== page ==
The internet is full of “expert” advice. Often such advice covers key areas like diet, avian medicine and pet ownership.
The breeders wanted to know what species I recommended that was easily bred, required little care and would make them money. My first thought was a wooden parrot carving: it would require no care, cleaning or feeding, could never become ill and would always be beautiful..
Some time back, a person who could no longer own her Goffin´s Cockatoo approached me. She was looking for a home for her bird.
It was 1976 when I first saw the species. In the quarantine of George Kroesen there were hundreds. The birds congregated in the farthest corner, each trying to hide.
During my more than 40 years´ as an aviculturist I have been a prodigious note taker. I write down everything of interest, or have ledgers where I continuously add notes. An old edition of Joseph Forshaw´s Parrots of the World has a broken spine and is full of pieces of paper containing notes, or these are added to the margins of text or illustrations.
When I was a kid, I periodically visited the now vanished Sedgewick Studio, a bird store owned by the eccentric Erling Kjelland. He believed in ´witching´– the process of sexing birds by suspending a pendulum over its head.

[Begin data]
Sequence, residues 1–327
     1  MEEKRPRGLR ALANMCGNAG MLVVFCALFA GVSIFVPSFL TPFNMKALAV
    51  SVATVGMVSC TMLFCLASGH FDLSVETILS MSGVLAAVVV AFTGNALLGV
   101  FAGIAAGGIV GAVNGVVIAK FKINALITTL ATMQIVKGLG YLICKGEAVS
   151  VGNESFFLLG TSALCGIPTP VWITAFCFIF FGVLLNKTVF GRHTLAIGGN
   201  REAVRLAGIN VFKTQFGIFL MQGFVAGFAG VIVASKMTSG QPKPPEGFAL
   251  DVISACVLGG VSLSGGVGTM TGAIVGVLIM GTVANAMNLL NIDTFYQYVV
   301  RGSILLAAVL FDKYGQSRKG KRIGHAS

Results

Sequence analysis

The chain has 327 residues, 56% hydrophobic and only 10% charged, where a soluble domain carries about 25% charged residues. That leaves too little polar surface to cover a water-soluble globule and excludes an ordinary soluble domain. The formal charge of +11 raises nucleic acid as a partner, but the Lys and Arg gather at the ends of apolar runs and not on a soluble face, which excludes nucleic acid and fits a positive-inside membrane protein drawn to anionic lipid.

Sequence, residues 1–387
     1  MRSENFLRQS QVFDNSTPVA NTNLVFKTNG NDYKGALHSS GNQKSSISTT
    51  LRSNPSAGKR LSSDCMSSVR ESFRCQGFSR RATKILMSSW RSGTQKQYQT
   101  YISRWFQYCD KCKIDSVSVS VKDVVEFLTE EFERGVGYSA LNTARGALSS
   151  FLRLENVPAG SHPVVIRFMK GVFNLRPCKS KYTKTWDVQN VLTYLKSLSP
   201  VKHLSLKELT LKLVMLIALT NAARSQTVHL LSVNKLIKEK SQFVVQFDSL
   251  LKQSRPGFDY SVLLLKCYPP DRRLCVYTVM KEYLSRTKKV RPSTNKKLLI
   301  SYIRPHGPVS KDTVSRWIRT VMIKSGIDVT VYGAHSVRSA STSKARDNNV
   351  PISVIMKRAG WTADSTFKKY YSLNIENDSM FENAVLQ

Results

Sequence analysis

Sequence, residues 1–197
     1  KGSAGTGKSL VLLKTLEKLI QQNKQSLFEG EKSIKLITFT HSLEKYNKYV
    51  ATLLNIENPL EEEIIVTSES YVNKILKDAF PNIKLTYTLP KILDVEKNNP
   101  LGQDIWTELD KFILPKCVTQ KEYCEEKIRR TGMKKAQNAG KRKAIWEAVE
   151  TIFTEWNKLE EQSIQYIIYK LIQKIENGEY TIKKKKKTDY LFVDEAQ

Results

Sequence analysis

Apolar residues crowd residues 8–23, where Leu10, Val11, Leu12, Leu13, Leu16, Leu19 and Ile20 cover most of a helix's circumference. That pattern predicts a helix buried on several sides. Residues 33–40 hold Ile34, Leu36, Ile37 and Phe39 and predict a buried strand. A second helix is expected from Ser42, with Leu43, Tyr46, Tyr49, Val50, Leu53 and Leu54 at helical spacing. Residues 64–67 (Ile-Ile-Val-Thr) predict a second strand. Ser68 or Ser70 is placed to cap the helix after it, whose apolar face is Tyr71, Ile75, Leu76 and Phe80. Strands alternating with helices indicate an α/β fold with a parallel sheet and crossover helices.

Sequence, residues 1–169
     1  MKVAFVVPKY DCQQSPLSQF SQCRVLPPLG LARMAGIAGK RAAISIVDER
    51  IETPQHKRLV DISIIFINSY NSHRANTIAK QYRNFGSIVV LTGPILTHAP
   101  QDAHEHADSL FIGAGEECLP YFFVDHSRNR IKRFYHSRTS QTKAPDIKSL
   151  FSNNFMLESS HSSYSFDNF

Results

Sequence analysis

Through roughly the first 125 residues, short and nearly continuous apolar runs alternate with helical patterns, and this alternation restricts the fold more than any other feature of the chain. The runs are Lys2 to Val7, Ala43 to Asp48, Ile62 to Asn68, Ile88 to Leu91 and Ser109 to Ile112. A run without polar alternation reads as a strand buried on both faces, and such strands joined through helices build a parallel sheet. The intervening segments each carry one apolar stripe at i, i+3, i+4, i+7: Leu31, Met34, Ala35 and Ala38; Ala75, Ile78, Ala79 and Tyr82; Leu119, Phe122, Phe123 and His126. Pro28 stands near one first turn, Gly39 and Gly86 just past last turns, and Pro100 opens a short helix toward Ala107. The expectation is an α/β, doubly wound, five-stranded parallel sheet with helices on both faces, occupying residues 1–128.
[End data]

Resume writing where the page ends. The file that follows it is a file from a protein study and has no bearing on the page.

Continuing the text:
Some frequently asked questions and answers..
Every day I receive messages about birds being sick. Everyone of these persons is asked about water quality. By water quality I am not asking if the water is clear. I am asking about the process through which it passes before it is given to the birds.
When I started keeping birds, information on diet was very deficient. A sunflower or safflower seed based diet supplemented with a bit of apple, endive and maybe a piece of carrot was deemed adequate. Fast-forward 40 years and our understanding of diet for cage birds has evolved considerably. Today we truly understand that to own a healthy parrot the cornerstone is a good, balanced diet.
The day was typically hot and humid. It was 1979 and I had been invited to visit Ramon Noegel and Greg Moss, the former the doyen of Amazon parrot breeding in the US. Noegel achieved what at the time was seen as the impossible—producing young from multiple pairs of Amazon parrots year after year.
… The birds were Black-headed Caiques Pionites melanocephalus. The coloration suggested it was a pair and their three young. As is typical of many small parrots in the neo-tropics, the bird slept in the cavity. ..
I can recall that day in the 1970s as if it were today. I had walked into a quarantine station to see several pairs of a new species… a species that was commanding a hefty price– $800.00 per pair.